Jon | Jun 13, 2019 | 0
Focusrite Red Plugin Review
Classic compressor and EQ make their plugin debut
The Focusrite Red range of studio outboard gear has been used in top studios the world over for decades. Introduced in 1994, the entire range, clad in its distinctive red casing, found favour with the professionals on account of its super-high clarity and versatility, pure and simple. It set out to do a limited number of things, but do them the best they could possibly be done. Now, 21 years later, two of the Red range’s most used variants, the Red 2 EQ and Red 3 compressor, have found their way into the digital realm thanks to new plugin versions.
The new plugins remain faithful to their hardware counterparts with the sonic qualities and benefits meticulously modelled off the originals, and both feature that same recognisable red brushed steel finish. They favour clarity and ease of use over tonnes of unwanted and unneeded knobs to tweak, and after using them for a couple of sessions you can see how they would quite easily become your go-to tools come mix-time.
Best of all? These two leading edge tools are free when you buy and register any Focusrite Scarlett or Saffire audio interfaces. To put that into some context, the original hardware gear would cost thousands, and the plugins on their own would easily run to the hundreds. Hundreds of pounds worth of plugin excellence in return for a couple of quick mouse clicks. Can’t say fairer than that.
So how exactly would you use them? Compression and EQ are two of the most highly used, most important and most crucial components of a recorded signal. It could be said however that they’re also two of the most misunderstood, or misused, to those who haven’t learned how to incorporate them effectively. What they do is effectively smooth over rough edges in a mix, leaving it in a more rounded, professional state.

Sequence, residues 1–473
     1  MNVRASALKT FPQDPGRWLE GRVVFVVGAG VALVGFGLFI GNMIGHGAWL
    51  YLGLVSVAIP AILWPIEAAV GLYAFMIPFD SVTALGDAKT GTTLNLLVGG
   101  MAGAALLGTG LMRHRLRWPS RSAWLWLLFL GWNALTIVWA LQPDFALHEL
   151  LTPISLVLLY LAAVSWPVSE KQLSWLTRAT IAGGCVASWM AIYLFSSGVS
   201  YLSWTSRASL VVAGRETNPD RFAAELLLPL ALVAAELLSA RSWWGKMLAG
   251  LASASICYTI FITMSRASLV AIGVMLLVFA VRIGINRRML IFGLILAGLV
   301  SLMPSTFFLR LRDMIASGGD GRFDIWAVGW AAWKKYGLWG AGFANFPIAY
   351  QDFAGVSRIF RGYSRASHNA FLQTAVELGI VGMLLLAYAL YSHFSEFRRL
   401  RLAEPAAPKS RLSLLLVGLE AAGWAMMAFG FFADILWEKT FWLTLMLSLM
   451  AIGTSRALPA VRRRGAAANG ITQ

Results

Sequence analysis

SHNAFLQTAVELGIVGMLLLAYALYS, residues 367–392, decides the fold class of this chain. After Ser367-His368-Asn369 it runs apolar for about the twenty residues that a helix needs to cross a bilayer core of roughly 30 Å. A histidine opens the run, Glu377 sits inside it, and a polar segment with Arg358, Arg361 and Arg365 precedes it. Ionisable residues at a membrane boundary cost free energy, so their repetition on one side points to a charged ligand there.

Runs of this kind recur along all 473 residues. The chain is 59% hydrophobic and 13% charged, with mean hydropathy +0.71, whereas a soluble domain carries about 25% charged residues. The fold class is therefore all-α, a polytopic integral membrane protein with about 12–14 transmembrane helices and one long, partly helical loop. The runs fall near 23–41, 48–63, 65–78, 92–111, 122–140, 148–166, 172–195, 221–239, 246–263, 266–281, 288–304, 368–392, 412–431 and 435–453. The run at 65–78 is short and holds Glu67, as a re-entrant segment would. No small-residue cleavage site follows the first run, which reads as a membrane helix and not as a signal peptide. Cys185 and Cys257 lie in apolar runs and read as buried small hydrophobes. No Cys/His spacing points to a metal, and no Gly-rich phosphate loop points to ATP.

Compression is used, in a broad sense, to manage and react to changes in volume in a given sound. A simple analogy is to compare it to the role of a silent, automated recording engineer gently ‘riding’ the faders on the mixing desk in order to keep volume levels roughly in line with one another. Say, for example, your recorded guitar part jumps up and down slightly in volume throughout a part. It may be that your picking attack grew more aggressive as you neared the end of the take, or you settled in to a groove and it naturally became less expressive. A good compressor here will monitor and normalise the volume levels so the end result is more consistent.
EQ is more a tool for shaping the sound and the frequencies in which it lies on the spectrum. We know that a bass guitar will naturally sit lower on the register than a regular six-string, so a good mix engineer will sculpt certain higher frequencies away from the bass signal to allow the guitar more room to sit there without clashing with the bass. Likewise, by using the high pass filter on the guitar signal, you know errant lower frequencies from the guitar will be removed (or at least tamed) to everything can contribute to an overall mix sound, as opposed fighting to be heard among the noise.
If you’re new to these kind of effects, or if you’re looking to upgrade and improve your DAW plugin arsenal, it is well worth considering the Focusrite Scarlett and Saffire range of interfaces. Not only because they’re great in their own right, but also now with the added bonus of being able to include these classic homages to a genuine industry-leader for free.